I think when people say that, there’s gotta be something. I’m not being totally nihilistic and saying, “Oh, I don’t know.” It’s clearly I have “I’m lonely and I love music and I don’t want to die and I…” clearly there’s some drugs in the movie, she’s kind of a tomboy, like a little bit androgynous and a tomboy and tough and could fuck you up. The feminist thing, the avenger thing, I think is an interesting thing, maybe there is something like that.
I wonder if when Tarantino made Kill Bill, did people say he was being a feminist? It’s weird. I wonder if like “Oh a female and so she’s battling misogyny.” For myself I was very hyperconscious about the idea of good and bad because that’s very much one of the big things inside the story, is like who’s good and bad, and how you never really know people. There’s a certain level of stupidity that we have to operate with in order to have these connections and distractions and good and bad, it’s just so interesting, good and bad. Because it’s relative in my experience and so it’s tricky because you have to always think about it. The feminist thing, it always comes up and I find it really interesting to find an avenue that interests me to talk about this because people are clearly fixated on it and want to talk about it, so I’m constantly trying to figure out.
I love it when people say that and it’s different because I’ve shown it in France, I’ve shown it in Spain, in different countries with different subtitles I think it plays different. Because I felt like in Deauville they didn’t laugh at some of the jokes. Here everybody really got the sense of humour so that’s cool. Yeah, life is absurd. Even Lynch, the darkest weirdest shit will happen but it’s also…like Bobby Peru in Wild At Heart, the fuck me scene. I love Wild At Heart; it’s just the best. Bobby Peru is the ultimate gangster of all time in my opinion, there’s no greater. “Fuck me! You jump fast, bunny jump slow! Can I pee on your head? Not your head head!” But there’s something funny about him. So it’s just like maybe it’s me. I think life is funny. I hope so!
You mentioned Jim Jarmusch’s vampire movie; when we talked to Xan Cassavetes about Kiss Of The Damned she said that she thought vampire movies allowed a director to put their personal stamp on the genre, that they can be have that artistic statement to them. Do you feel like that about them?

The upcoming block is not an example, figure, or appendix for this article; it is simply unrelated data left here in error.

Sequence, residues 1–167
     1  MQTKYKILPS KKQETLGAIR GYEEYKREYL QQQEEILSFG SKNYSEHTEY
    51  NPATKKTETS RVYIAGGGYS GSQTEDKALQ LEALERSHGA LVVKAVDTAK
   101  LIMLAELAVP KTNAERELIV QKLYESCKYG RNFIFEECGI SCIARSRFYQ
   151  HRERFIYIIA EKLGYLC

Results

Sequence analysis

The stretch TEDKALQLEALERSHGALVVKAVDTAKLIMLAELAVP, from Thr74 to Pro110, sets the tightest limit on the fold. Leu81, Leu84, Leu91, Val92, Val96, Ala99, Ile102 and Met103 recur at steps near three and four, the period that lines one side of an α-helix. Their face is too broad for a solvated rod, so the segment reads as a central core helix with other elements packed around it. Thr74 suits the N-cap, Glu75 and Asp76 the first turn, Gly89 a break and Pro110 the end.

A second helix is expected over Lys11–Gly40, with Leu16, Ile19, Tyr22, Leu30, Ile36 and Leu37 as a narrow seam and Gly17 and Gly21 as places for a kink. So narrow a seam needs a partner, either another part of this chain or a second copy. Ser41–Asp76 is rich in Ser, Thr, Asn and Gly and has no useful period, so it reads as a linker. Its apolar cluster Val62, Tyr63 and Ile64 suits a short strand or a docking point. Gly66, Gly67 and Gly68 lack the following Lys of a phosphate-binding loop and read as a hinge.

It is like that. My next film is about cannibals and it’s different, my own different version of it, but there is the physics of the real world, it’s grounded in a different way because a vampire is really in a way the ultimate mythical, supernatural character. It looks good, so it can be this beautiful thing, horribly terrifying, drug addict, historian, romantic, everything! Serial killer, savage, and so also like the ultimate fan of something, centuries long obsession. It’s obsession, it’s crazy.
And then you have Nosferatu and Lost Boys or Once Bitten! I loved Anne Rice, I read all the books, that was my first gateway into vampire stuff and Coppola did it, Bigelow’s done it, Jarmusch just did it, Spike Lee’s done it. It’s not just for…it’s limitless. Yeah, it is. It’s weird. And people were saying that. Like “Oh, Twilight makes us think the vampire thing…”I was like “Really? Twilight did that? Come on, don’t give Twilight that much credit.”
Can you tell us anything about your cannibal movie?
It’s called The Bad Batch and it’s a desert-set post-apocalyptic love story set in the desert in Texas about a big cannibal who basically falls in love with his food. Don’t play with your food! It’s got a really, really dope soundtrack, it’s like a psychedelic El Topo!